How To Get Ahead: What It’s Like To Work For ... Vogue - With fresh Aloe Vera in the office, the style set can be relied upon to be smooth

What does it do? Where have you been for the last century - Burton?

What does it do? Where have you been for the last century -


It is a fashion bible, of course, and its sales team sells space within

the rarefied, glossy women’s sector. But according to advertisement

manager Rachel Reavley, Vogue doesn’t just sell on its name. ’We spend

time and money making sure we have plenty of research to back us


Good offices? Vogue House is on Hanover Square, between Bond Street and

Regent Street - so it’s perfect for shopping, socialising and just about

everything but being bored. The Vogue office has recently been renovated

- there are pristine white walls, wood floors and Aloe Vera plants.

What’s it like? There are seven sales staff, of which only one, newcomer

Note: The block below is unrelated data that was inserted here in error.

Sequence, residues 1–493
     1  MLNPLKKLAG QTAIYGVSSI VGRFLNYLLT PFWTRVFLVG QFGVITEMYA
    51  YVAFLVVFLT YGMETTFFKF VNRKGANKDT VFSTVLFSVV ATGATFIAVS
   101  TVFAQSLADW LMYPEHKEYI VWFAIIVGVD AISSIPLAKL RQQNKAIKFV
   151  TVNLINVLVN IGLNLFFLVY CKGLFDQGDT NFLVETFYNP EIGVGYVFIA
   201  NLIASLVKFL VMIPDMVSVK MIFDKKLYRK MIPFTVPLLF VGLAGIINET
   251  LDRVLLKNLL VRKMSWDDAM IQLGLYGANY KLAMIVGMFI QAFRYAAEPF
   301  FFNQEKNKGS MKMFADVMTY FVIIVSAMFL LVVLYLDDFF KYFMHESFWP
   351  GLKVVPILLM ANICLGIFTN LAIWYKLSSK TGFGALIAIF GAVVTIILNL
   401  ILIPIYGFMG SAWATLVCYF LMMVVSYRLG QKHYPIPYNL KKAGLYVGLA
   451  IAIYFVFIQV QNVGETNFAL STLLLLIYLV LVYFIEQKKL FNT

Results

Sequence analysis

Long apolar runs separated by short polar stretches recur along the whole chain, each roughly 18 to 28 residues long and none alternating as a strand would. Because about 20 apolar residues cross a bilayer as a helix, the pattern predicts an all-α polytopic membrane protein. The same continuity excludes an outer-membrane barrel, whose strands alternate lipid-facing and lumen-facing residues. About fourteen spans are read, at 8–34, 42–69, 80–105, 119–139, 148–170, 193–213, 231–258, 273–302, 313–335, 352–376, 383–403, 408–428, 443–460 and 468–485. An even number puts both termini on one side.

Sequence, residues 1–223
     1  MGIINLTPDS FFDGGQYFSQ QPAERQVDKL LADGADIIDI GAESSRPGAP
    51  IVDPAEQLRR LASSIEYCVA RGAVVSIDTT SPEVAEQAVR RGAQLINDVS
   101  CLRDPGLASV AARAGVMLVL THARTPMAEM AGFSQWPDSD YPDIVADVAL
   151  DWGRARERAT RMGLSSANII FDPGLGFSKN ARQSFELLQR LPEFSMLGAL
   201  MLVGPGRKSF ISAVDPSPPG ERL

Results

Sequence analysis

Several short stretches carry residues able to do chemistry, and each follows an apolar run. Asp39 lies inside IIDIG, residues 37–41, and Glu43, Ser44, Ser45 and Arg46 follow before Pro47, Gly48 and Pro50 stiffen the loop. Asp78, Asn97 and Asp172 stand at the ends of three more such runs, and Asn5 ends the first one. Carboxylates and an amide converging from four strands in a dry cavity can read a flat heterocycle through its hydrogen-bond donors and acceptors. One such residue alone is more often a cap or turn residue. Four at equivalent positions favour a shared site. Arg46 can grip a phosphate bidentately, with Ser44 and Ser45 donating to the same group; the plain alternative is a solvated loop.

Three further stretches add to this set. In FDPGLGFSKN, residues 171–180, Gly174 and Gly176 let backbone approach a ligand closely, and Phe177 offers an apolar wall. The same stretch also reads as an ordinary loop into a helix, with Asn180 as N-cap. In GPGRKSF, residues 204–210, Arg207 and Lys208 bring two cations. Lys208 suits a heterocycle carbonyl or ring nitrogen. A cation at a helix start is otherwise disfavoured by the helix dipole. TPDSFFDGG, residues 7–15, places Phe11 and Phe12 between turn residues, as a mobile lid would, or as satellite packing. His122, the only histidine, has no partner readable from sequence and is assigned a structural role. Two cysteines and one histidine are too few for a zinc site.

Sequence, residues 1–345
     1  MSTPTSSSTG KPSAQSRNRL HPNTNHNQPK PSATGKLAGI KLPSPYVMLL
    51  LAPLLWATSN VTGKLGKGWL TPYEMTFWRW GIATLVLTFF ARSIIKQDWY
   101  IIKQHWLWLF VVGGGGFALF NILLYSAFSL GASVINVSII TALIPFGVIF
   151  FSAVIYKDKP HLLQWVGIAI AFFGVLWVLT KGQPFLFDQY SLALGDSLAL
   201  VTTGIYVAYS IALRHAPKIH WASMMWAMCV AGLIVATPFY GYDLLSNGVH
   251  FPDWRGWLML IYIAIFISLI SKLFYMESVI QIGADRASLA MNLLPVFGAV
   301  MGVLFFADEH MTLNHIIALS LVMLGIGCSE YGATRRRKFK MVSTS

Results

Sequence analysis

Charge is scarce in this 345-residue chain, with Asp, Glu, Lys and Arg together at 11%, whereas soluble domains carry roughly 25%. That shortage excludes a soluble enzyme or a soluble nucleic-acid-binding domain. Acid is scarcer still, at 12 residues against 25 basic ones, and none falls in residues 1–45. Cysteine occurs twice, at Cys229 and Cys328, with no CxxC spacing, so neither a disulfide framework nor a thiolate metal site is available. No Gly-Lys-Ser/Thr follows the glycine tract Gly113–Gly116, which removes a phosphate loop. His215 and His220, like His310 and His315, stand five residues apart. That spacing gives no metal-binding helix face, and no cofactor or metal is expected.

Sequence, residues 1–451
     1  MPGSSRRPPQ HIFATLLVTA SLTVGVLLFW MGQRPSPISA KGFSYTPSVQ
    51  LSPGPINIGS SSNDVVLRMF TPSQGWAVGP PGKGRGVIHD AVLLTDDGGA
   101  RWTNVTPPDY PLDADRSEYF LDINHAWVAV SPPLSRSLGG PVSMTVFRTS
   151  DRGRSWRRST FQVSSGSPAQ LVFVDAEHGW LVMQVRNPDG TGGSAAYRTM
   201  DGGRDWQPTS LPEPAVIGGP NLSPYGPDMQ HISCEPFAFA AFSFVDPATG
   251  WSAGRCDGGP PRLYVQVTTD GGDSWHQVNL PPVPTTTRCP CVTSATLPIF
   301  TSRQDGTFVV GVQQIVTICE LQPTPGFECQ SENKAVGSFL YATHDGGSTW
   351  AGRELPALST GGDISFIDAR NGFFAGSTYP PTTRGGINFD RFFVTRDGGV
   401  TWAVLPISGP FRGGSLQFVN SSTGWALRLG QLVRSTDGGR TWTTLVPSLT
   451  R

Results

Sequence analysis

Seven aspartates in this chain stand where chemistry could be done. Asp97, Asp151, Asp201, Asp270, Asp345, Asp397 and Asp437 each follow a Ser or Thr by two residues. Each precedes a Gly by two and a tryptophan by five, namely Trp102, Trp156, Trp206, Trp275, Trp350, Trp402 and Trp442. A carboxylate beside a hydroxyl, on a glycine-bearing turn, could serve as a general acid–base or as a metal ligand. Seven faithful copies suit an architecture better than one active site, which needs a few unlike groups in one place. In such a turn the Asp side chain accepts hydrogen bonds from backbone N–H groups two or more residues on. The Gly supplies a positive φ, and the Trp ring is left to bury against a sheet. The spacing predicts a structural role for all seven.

James Underhill, is male. According to Reavley, each sales executive’s

clients have been carefully chosen to reflect that person’s


Which means they are all happy bunnies. Reavley describes the atmosphere

as fun but professional. ’We run a pretty tight ship,’ she says.

Socialising takes place in the bar at Claridge’s, a new member’s club

called Noble Rot, ’and you’d better say Pitcher & Piano, otherwise we

might sound pretentious’.

Any perks? A pension, health insurance and 25 days’ holiday. Senior

managers get cars and work-related mobile phone calls are paid for. You

may get the chance to attend fashion shows and clients occasionally send

treats, but using the Vogue brand to secure any freebies is a definite


How does it recruit? The chances are that if you want to work for Vogue,

you’ve already got your foot in the door at Conde Nast. But Reavley has

been known to ask ad agencies for tips on any talented outsiders - and

she always reads and keeps unsolicited CVs.

How do you get ahead? You must be passionate about the magazine and

equally prepared to learn your clients’ businesses back to front.

’Selling is about listening as well as talking,’ Reavley says, sagely.

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